By SUSAN CALLAHAN, Associate Editor and Featured Columnist
I lived in New York for many years before moving away. This year I went back for an extended trip and I was reminded of all the things that make New York unique and unforgettable --the vibrancy of the City, the night life, food and the straight talking people. But one thing was very different from the New York I remember --- the tipping.
Truth is, people have always been expected to tip in New York more than in Europe. New Yorkers have long been expected to tip at restaurants,to tip the doormen at Christmas, the cab drivers and f course anyone who performs personal services such as delivery men, manicurists and so on.
But it's the way that these tips are given that has changed. In days past, you would receive your bill and either no indication of an expected tip or a polite note that a tip is already included in the cost of your meal.
Now, service givers demand the tips in frontal ways. Sit down at a restaurant and at the end of your meal, you see a print out on your bill of the tip at different ranges, 20%, 25% even 30%. The amount of the tip is at these different ranges is calculated.
So , if your meal is $20, you'll see the tips ranges in dollars already calculated out as as 20% ($4.00), 25% ($5.00) and 30% ($6.00). In all fairness, some restaurants start the tip ranges at 15% or 18% up to 30% but these are the exception and still, even at the low end 15% is a fair chunk of change on top of the cost of your meal.
Because the suggested tips are right there on your bill, you feel enormous pressure to give something. If you choose to give at the lowest end, you are labelling yourself as one of those who inhabit the stingiest, cheapest end of the spectrum of humanity.
The trick here is that they frame the choices for you in a way that makes it impossible almost for you to choose to give less. At least, it's impossible to avoid diving in somewhere in the range of suggested tips without paying an emotional price. No one likes to be judged and this tipping frame practice is a built in pubic shaming scale.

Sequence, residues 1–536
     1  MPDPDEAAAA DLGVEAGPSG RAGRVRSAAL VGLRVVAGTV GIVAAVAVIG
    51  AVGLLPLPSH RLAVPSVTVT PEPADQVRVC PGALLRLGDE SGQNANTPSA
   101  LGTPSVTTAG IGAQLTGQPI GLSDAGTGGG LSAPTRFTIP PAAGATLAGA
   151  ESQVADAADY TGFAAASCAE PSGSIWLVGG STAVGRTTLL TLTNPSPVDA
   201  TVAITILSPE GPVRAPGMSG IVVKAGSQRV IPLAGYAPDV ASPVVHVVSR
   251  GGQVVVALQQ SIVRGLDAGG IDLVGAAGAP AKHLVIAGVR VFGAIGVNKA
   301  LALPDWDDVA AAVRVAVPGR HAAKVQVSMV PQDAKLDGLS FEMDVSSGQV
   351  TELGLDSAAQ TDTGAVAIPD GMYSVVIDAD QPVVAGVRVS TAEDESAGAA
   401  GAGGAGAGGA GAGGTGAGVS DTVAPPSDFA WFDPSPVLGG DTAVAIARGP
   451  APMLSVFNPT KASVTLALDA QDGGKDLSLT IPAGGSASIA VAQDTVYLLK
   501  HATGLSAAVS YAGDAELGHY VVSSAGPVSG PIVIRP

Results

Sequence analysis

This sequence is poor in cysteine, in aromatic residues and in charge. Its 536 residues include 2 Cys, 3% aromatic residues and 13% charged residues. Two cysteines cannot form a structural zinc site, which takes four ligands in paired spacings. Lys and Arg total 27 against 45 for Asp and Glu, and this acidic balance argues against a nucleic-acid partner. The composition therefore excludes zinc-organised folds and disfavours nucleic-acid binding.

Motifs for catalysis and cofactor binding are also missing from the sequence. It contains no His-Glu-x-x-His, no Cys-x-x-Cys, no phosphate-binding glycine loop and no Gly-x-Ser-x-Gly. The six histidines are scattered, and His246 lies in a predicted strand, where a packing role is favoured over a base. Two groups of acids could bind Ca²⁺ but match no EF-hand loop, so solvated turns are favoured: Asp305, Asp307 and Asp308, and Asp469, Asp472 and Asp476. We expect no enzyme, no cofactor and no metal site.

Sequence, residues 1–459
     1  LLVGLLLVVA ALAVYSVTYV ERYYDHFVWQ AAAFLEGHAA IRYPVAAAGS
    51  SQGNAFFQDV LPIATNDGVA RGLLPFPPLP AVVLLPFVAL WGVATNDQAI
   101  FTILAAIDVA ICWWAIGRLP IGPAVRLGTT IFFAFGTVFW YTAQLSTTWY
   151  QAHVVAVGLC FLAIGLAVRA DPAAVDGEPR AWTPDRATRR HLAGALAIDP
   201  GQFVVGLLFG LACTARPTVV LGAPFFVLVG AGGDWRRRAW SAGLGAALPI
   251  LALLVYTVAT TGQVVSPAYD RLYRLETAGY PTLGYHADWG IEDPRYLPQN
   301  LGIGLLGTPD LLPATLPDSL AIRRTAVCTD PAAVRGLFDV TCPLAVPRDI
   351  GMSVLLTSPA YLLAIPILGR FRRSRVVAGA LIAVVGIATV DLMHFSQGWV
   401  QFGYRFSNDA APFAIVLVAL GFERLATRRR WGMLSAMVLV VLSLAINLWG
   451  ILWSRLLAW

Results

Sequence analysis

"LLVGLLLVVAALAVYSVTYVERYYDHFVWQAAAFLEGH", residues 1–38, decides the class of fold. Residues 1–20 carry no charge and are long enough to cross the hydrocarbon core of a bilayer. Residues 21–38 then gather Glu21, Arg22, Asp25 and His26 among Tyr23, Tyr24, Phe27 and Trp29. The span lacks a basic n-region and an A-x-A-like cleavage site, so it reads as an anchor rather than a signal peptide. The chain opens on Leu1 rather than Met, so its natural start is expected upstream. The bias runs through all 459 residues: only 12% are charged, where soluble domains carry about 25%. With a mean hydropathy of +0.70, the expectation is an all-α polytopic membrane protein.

Tipping at the Grocery Store ---Really!
Not only is the Tip Shaming Frame ubiquitous in places where people have traditionally tipped, now you find it in new places. You'll see in in cabs, in car services. They will give you a hand-held machine to insert your credit card. Right there, on the little screen you will see the Tip Shaming Frame.
If you don't find the Tip Shaming Frame, you'll find the Tip Cup. These days, you'll find the Tip Cup even at the end of the grocery store checkout counter. Really? Where in the laws of the Universe is it written that we are supposed to tip a grocery store clerk for simply ringing up our groceries?
You may also see the Tip Cup at the cashier counter at your favorite wine store, at the dry leaners counter, on top of the counter at the hot dog stand on the street and on and on.
Even in places where you don't get table service, such as at a Dunkin' Donuts, you will sometimes see a Tip Cup at the counter.
Enough. Tipping has always been a concept intended to manipulate shoppers/customers into paying a share of a worker's compensation. Restaurant owners pay notoriously low basic wages, expecting the difference to be made up by --- guess who --- you, the customer.
And, as living costs have risen, the wage you need to make it has also climbed. But the basic wage paid to these workers has remained stagnant.
That leaves you, the customer, in a sorry spot. Either pay up in the form of higher and increasingly ubiquitous tips or face an angry service provider. Who wants to receive food from an angry waiter? Not me. They have control of my plate and it's just too easy to put something in that plate before it gets to my table. For that matter, who wants to be driven by an angry cab driver? Life's too short to take that kind of risk.
Left out of this equation is your budget. There are only so many dollars to go around. Few people are so well off that they don't feel an extra 20% to 30% added on top of their living expenses. Yes, waiters need their tips but you need your money too.
How to Navigate the Dangerous Waters of Tipping
Here, a little finesse helps a lot. Presented with a Tip Shaming Frame one too many times, I stopped giving in. Instead of circling the lowest end tip, I simply let the waiter know that I would pay the tip in cas. I then scaled back the tip closer to 10% on average.
I also left a nice note on the bill if the service was good, so the owner would not infer from a lack of tip that I was dissatisfied with the service. Something short and sweet will suffice, such as " Great meal and wonderful service!"
These days, you can also "pay" a tip by complementing the service on social media. Owners and wait staff know that a compliment on Facebook or Instagram or some other platform is worth a heck of a lot more than a few extra dollars in tip.